Imagine nearing midlife before you finally find out you have celiac disease, a lifelong hereditary disorder. And all along, you thought that your migraines and gut aches were stress-related.
Research indicates that in North America, one person out of every 100 has this frequently misdiagnosed disease that affects the body in many different ways.
What is celiac disease?
Celiac disease occurs when gluten — a protein found in wheat, rye and barley –triggers an abnormal immune response that damages the lining of the small intestine, interfering with your absorption of nutrients. When you can’t get the nutrients your body needs, health complications arise. Left untreated, celiac disease increases the risk of malnutrition, osteoporosis (because of poor absorption of calcium and vitamin D), infertility, certain digestive tract cancers and other complications.
Average time for correct diagnosis — 12 years:
According to a 2007 survey of the Canadian Celiac Association’s more than 5000 members, the average time it took to get diagnosed was 12 years. Many reported consulting with three or more doctors before their diagnosis was confirmed. And while most people think celiac disease is a children’s disease, more than two-thirds of those diagnosed are adults.
What are celiac disease symptoms?
Classic celiac symptoms include diarrhea, stomach pain, weight loss and in children, delayed growth. For others, the symptoms are subtler, such as such as bloating, or excess gas. Fatigue, weakness, joint pain and migraines — symptoms typically not associated with the gut — are also reported, and the diagnosis is often anemia, stress, irritable bowel syndrome or chronic fatigue syndrome. Although these symptoms may go undetected, the damage continues. Celiac disease affects people differently. For some, the symptoms might be diarrhea and abdominal pain, while for others it might be irritability or depression. In fact, irritability is one of the most common symptoms in children.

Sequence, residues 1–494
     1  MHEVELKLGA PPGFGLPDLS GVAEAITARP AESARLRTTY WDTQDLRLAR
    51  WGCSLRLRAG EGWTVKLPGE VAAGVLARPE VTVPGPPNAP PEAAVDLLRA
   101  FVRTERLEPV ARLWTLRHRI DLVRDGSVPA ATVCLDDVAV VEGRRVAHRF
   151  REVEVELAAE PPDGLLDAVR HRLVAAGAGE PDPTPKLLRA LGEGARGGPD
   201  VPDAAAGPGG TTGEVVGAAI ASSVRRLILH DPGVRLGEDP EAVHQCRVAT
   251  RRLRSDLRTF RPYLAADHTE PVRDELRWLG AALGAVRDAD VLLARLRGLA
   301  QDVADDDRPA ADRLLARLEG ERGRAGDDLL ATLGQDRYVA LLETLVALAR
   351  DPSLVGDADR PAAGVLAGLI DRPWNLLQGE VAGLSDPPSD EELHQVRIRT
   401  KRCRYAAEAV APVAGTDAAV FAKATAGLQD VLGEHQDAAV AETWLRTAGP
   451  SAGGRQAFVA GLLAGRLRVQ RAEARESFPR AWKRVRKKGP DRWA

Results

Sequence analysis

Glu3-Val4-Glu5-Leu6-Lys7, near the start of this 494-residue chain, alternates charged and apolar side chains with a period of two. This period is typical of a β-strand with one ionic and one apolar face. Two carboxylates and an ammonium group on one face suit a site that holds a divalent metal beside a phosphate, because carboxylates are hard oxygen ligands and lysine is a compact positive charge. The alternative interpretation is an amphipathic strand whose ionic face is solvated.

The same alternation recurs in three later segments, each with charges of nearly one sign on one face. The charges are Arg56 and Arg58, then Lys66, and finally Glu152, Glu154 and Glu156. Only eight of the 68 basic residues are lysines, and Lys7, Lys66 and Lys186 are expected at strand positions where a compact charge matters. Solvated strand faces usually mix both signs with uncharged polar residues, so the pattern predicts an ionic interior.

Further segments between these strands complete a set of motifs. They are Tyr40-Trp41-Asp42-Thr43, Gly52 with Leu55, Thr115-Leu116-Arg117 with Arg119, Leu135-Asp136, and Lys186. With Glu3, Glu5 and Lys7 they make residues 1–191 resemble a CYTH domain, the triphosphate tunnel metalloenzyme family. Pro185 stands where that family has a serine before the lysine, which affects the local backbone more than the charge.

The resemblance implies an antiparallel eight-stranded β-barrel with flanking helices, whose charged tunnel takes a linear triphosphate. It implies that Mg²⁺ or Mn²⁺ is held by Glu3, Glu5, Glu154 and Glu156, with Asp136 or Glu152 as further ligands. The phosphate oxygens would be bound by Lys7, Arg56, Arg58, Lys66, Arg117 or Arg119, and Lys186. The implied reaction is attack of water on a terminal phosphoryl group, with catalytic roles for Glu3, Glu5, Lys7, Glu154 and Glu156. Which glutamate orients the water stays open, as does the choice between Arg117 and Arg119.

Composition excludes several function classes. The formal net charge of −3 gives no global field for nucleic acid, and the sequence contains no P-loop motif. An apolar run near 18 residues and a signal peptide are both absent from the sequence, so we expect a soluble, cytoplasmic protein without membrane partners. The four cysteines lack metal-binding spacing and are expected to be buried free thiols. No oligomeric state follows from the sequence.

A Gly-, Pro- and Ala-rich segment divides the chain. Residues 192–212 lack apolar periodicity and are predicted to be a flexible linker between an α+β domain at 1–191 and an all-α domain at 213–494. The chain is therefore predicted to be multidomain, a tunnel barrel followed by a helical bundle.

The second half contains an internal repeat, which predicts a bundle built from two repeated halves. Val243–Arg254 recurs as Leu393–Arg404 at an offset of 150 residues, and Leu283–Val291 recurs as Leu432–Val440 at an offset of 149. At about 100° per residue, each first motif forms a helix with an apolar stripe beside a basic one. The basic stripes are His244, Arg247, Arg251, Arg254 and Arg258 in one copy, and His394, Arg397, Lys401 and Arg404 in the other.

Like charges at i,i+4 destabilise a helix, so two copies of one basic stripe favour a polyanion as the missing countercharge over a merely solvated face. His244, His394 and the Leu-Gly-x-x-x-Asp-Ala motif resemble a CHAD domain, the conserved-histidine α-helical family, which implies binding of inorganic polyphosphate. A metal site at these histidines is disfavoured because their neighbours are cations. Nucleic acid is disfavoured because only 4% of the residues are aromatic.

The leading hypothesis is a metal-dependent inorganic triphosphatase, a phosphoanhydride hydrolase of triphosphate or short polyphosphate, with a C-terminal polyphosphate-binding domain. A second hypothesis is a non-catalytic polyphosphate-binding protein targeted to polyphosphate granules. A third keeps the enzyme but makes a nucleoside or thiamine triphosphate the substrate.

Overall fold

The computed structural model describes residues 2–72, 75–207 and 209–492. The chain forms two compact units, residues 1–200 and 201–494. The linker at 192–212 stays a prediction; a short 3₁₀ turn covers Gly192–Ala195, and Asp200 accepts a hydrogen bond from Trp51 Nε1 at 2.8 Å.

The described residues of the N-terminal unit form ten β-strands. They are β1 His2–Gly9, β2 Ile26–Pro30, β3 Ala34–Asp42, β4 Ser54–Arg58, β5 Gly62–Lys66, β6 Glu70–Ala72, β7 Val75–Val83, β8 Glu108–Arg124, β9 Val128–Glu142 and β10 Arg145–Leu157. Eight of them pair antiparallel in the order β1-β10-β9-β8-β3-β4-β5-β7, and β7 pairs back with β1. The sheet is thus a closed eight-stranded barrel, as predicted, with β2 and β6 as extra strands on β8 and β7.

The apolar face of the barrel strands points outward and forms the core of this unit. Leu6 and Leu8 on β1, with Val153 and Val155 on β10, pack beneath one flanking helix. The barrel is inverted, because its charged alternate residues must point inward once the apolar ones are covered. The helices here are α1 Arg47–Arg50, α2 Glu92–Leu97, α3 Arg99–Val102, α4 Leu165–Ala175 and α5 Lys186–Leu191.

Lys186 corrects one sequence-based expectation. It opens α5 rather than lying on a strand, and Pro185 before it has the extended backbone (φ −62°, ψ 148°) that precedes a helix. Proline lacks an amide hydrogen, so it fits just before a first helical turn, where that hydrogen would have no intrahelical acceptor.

Home Screening Test Now Available
Now there is a simple, accurate way to determine if you are susceptible to celiac disease. For the first time in Canada, Health Canada has approved the Biocard Home Test Kit, an at-home test that measures IgA antibodies from a fingertip blood sample. While this easy blood test gives a high degree of certainty that you are either developing celiac disease or already have celiac disease, you still need to see your doctor for a confirmation. Confirming a diagnosis requires a small bowel biopsy in which an endoscope is passed through the mouth into the stomach’s upper intestine so that the lining can be examined and a biopsy taken. The only treatment for celiac disease is a gluten-free diet for life. Still, the day you’re confirmed celiac and start your diet, is the day you’re on the road to recovery.